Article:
Command the Raven (An Uncivil War #2)Command the Raven by M.J. Logue
My rating: 5 of 5 stars

Command the Raven is the second in the Uncivil Wars series by M J Logue. It follows on from Red Horse starting with the siege of Reading in Spring 1643.

Command the Raven

Although set during the first English Civil War, the Uncivil Wars books are more social history than military. Like its predecessor Command the Raven has its focus on the people, and horses, in Captain Hollie Babbitt’s troop and their associates.

Command the Raven opens with the siege of Reading and the troop’s ennui with it. Luce Pettitt takes bad news from his widow very hard, and Hollie Babbitt wants away from the siege. A transfer from Essex‘s army to Fairfax in the north sees Babbitt change his fortunes. After a short period of recovery in Essex Babbitt marries. He then faces his father followed by dealing with Fairfax’s almost four-year-old daughter.

Oliver Cromwell, by Robert Walker (died 1658)....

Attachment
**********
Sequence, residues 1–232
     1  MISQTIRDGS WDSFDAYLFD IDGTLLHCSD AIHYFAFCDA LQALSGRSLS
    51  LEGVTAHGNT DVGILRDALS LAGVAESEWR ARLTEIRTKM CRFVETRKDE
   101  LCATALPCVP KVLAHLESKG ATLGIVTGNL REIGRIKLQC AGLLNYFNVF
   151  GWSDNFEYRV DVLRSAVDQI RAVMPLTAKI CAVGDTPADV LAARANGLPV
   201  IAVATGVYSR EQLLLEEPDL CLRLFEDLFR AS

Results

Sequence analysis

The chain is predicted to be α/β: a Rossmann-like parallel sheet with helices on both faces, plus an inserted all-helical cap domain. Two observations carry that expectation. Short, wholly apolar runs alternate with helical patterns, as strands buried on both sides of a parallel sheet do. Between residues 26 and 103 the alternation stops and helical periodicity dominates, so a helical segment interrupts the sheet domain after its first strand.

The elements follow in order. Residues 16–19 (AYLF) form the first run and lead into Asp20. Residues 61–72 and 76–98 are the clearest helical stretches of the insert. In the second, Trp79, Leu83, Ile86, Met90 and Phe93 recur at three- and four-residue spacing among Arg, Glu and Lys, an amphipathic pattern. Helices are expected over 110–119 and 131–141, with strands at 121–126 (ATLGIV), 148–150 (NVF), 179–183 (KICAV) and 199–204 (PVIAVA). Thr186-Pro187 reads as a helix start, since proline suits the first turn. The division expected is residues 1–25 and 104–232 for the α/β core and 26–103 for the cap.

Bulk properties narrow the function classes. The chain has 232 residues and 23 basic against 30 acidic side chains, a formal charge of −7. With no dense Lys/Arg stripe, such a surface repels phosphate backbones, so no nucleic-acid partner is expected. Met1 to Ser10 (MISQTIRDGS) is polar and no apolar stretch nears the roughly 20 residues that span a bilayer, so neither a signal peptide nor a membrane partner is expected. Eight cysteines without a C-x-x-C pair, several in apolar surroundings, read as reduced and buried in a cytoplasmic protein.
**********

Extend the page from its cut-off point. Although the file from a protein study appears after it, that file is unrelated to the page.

Oliver Cromwell, by Robert Walker (died 1658).  (Photo credit: Wikipedia)

Babbitt has demons galore in Command the Raven, we start with his fevered nightmares about his first wife Griete. Later his father and then the sea. We find him a poor sailor when his troop are called across the Humber. He spends his time puking over the gunwales of captain Tom Rainsborough’s ship.

South of the Humber Babbitt runs into Noll Cromwell and his Lovely Company. Cromwell is portrayed as a disciplined cavalry commander with a strong personal interest in horses. In fact there’s a lot of passion to how he wants to use Babbitt’s black stallion to sire better cavalry mounts.  He also has a strong godly streak too. He comes across as a competent human and not the puritanical fanatic that he is often erroneously played as in popular works.

Overall I very much enjoyed this sequel. Command the Raven focussed more on Hollie Babbitt than Red Horse did. This meant that Babbitt’s character has been well developed. We know more of his past and what has shaped and influenced him. The period detail is all there in the attitudes and positions of the various players in the saga. I am looking forward to reading the rest of the Uncivil Wars series and seeing where it ends up.

View all my reviews